Fluid dynamics

• Gyroscope

Homework Statement

This is my creation.
I have a reservoir at an height h and another one on the floor. I connect them through a pipe with constant diameter. If the water start flowing from the higher reservoir to the lowest with will flow with constant velocity. This is true, isn't it?
By Bernoulli, I can say that potential energy per volume is being converted in pressure energy as the water flows down. Am I right?

Homework Statement

This is my creation.
I have a reservoir at an height h and another one on the floor. I connect them through a pipe with constant diameter. If the water start flowing from the higher reservoir to the lowest with will flow with constant velocity. This is true, isn't it?
By Bernoulli, I can say that potential energy per volume is being converted in pressure energy as the water flows down. Am I right?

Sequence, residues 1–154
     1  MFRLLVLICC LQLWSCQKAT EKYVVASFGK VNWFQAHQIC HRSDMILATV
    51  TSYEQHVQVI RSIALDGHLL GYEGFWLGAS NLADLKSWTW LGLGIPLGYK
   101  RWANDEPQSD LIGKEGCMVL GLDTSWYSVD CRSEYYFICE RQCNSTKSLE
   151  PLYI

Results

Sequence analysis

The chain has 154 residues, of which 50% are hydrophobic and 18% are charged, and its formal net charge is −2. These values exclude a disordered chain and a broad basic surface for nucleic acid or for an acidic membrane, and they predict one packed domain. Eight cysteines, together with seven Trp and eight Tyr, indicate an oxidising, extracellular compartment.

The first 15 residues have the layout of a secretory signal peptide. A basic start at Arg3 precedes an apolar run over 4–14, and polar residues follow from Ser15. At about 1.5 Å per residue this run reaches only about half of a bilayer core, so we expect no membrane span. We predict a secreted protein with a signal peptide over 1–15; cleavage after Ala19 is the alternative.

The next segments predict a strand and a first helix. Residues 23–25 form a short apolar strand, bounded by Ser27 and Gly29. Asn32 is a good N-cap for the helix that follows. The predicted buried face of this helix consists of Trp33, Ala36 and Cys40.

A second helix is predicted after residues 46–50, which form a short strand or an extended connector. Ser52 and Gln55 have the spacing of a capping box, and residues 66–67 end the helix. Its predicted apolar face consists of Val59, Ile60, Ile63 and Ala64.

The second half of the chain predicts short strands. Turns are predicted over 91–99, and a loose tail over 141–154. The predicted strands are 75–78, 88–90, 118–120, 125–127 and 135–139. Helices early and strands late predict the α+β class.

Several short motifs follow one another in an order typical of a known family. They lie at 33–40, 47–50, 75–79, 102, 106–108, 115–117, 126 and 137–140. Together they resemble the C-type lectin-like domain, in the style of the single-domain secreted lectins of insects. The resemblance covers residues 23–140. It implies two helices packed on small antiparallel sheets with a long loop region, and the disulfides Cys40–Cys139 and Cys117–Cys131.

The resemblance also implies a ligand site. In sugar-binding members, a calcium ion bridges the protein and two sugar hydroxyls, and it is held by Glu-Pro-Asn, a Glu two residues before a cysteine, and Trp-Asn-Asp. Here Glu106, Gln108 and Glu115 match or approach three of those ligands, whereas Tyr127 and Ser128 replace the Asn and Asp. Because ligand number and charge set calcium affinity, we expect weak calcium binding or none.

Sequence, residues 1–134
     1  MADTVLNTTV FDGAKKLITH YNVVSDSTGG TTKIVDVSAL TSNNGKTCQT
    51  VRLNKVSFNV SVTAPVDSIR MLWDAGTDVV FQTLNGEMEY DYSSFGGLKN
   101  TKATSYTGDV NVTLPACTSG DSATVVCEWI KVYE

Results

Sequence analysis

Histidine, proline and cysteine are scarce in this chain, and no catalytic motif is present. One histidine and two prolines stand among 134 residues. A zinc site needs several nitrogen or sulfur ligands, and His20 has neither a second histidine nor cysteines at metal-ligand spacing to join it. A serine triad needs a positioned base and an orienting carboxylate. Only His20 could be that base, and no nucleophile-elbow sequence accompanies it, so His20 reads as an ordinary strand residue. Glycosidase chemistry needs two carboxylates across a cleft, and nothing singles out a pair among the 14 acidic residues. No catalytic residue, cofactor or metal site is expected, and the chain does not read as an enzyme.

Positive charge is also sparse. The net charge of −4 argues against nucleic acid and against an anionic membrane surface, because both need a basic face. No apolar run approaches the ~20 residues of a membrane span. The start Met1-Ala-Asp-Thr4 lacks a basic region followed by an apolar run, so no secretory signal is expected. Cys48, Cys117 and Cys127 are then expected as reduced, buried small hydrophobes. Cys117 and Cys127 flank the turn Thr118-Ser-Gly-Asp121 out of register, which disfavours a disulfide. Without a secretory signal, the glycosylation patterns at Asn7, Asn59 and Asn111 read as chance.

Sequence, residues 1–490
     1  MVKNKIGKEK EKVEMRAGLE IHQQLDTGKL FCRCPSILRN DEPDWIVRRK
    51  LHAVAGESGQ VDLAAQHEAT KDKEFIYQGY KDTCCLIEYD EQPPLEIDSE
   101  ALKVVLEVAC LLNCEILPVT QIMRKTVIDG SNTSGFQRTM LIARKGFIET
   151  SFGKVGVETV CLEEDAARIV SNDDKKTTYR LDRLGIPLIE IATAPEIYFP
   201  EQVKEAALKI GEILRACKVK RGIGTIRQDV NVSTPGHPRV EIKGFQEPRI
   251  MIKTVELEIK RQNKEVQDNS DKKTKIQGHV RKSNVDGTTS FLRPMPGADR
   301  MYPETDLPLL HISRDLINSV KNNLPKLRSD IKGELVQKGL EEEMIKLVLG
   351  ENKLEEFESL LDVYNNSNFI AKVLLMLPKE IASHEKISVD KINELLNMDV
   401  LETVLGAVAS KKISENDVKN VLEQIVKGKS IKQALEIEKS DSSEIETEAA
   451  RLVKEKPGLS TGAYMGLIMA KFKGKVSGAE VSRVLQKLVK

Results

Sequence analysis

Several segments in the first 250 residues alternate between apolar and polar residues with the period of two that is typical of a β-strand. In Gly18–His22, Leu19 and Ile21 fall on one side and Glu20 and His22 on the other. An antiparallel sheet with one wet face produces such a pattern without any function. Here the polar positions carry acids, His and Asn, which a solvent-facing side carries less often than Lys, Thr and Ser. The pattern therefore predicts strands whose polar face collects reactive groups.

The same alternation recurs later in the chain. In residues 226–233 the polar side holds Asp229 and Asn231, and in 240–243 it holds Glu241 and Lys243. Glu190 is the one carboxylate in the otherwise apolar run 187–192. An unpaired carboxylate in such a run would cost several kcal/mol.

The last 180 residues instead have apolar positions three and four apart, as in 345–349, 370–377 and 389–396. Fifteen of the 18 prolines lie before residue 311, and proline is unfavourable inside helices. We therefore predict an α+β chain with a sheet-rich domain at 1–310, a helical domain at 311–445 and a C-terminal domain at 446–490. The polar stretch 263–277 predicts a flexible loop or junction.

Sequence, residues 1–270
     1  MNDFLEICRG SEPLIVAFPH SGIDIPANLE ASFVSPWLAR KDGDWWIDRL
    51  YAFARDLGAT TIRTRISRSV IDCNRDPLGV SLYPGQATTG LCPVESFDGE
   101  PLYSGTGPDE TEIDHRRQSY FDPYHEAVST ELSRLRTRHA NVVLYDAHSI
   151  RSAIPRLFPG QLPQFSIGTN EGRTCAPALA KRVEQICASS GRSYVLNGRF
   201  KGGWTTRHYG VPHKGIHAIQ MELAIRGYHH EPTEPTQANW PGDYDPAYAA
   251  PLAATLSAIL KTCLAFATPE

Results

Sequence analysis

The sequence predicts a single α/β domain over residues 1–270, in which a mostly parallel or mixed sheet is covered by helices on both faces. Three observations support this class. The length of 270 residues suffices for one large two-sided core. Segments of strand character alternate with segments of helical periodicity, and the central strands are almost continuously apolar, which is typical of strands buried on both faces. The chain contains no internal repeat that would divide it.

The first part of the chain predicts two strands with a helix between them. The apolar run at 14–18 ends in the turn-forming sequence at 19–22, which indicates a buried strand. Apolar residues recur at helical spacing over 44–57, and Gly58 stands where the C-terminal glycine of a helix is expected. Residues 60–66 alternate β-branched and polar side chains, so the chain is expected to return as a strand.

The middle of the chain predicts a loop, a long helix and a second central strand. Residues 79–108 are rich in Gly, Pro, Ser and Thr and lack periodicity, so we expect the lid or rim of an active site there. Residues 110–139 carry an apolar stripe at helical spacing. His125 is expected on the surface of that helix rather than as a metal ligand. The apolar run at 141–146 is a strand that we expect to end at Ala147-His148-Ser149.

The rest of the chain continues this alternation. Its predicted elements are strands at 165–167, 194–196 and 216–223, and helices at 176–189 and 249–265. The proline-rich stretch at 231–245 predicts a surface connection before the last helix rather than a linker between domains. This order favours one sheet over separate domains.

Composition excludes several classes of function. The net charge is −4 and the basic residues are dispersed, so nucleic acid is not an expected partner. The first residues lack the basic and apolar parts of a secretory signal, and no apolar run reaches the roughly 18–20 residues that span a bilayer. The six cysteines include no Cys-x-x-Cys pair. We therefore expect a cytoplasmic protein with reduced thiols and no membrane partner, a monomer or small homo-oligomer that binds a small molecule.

What are the relevant equations? Forget the second tank for a second, assume the tank is simply allowed to drain, is the rate of drainage constant? Hint: Imagine it nearly full and then nearly empty.

John

No. As the tank drains, the velocity the water leaves the tank is decreasing.

I created this problem. The relevant equations is just Bernoulli's and continuity.

But imagine that the higher tank is being filled with water so that the level remains constant. In this case, the velocity of the water flowing through the pipe is constant in space and time. Right?

I suppose, it depends on the configuration, if the tubing connecting the two is under water at any point then the flow will change as a function of the growing backpressure.

It is not underwater. So am I right?

p+1/2rhoV^2 + rho*g*h=constant. But this neglects the frictional losses in the pipe. Not clear what is being asked really at this point? Sorry I can't be of more assistance,
John